The corporate art of punk rock

By Greg D'Avis

Arizona Daily Wildcat

Face To Face

The Big Choice

A&M/Victory Music

If you hated Green Day, here's something you can really despise.

Face To Face play upbeat hardcore in the manner of, oh, about 20,000 bands emerging over the past few years. They are not terribly offensive, but there is nothing to make them stand out at all (aside from a major label deal). While Green Day at least has some variety to their songs, EVERY SINGLE SONG on The Big Choice sounds exactly the same.

The vocals are believe it or not done in that snotty punk-rock manner, but it's sort of a winsome snottiness. It's sort of like the singer is saying "I was born with

this horrible snotty voice, but I'm really a nice guy."

Meanwhile, the stuff he's singing about is even worse the lyrics are in the "Gosh, there's a lot of bad stuff in the world, but if we're all good people we can make it better!" vein. Vomit. The whole thing is naive and non-threatening the punk equivalent of vanilla pudding.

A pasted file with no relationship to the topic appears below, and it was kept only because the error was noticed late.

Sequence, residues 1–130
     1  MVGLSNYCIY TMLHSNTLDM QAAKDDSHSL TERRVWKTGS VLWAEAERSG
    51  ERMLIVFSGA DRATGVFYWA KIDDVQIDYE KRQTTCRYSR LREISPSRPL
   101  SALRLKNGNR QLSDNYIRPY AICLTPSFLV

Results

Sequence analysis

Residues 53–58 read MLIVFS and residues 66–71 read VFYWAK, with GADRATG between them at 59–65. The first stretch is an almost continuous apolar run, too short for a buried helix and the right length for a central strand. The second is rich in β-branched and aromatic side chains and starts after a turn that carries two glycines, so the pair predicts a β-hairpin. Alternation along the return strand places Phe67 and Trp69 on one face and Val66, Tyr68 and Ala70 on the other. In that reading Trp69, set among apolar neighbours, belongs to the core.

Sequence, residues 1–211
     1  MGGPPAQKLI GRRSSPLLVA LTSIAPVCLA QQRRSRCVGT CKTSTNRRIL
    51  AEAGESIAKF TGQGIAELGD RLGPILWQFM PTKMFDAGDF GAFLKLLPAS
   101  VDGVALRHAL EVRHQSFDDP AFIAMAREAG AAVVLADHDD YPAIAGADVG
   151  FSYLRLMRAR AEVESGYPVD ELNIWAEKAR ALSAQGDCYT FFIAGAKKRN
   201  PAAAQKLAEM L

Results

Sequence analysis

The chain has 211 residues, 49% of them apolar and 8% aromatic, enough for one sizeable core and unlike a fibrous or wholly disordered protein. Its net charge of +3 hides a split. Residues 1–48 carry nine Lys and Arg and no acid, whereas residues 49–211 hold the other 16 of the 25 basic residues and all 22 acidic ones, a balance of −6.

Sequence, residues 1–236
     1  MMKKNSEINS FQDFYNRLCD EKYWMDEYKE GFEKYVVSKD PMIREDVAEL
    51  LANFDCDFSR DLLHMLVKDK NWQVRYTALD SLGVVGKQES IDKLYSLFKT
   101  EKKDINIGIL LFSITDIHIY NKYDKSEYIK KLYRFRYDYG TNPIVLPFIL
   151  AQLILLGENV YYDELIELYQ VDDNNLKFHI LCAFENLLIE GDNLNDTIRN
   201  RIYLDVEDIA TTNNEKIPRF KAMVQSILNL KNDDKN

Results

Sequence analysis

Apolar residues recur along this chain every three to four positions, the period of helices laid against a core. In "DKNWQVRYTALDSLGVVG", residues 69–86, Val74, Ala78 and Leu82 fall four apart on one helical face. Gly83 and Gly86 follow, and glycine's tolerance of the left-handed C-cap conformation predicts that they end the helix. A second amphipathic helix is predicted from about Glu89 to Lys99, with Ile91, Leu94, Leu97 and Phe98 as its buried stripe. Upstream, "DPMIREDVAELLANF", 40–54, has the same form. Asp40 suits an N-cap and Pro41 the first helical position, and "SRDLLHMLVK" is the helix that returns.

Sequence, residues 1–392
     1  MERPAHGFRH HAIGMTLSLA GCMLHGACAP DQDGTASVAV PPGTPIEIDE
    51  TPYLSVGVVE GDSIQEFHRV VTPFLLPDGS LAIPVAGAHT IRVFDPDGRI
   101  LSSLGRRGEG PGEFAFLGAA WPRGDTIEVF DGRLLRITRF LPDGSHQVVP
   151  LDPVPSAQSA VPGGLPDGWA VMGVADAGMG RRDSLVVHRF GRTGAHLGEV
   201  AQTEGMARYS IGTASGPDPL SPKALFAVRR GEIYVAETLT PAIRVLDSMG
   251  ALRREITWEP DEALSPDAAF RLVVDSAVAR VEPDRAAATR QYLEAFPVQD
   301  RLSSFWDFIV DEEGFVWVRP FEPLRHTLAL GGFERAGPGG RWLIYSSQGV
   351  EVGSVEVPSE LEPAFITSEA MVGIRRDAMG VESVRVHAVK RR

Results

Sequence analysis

But in the end, it really doesn't matter, because no amount of bad reviews are going to keep the baggy-pants crowd from scarfing these up.

Orange 9mm

Driver Not Included

Eastwest records

Here's a shining example of the reverse of the sophomore jinx. The 1994 debut EP from this NYC quartet was primarily dull, but Driver Not Included is an early candidate for album of the year.

A lot of the improvement can be credited to decent production. The last release had an uneven mix, with diluted vocals and guitar, but the new album brings everything together.

Orange 9mm look good from all angles. Vocalist Chaka Malik works hardcore, rap and funk together, guitarist Chris Traynor varies between melodic and psychedelic, and Davide Gentile and Matthew Cross put together the best rhythm section this side of the Jesus Lizard.

There's a good variety of styles here, but the key to the album is that despite the diversity, the band doesn't get too wild for its own good. I never thought that funk and hardcore could mix anywhere other than the deepest pits of hell but Orange 9mm is one cohesive unit, and the interjection of funk and rap comes across well, rather than as just another Rage Against the Machine rip-off.

The best of the 12 tracks here are "High Speed Changer," "Guyatone" and "Thickest Glass." "High Speed Changer" is furious, jumpy hardcore, "Guyatone" is sort of loopily melodic and "Glass" is so damn catchy that you won't be able to sit still while listening to it.

This has the potential to be big, and Orange 9mm deserves it. Get on the bandwagon.

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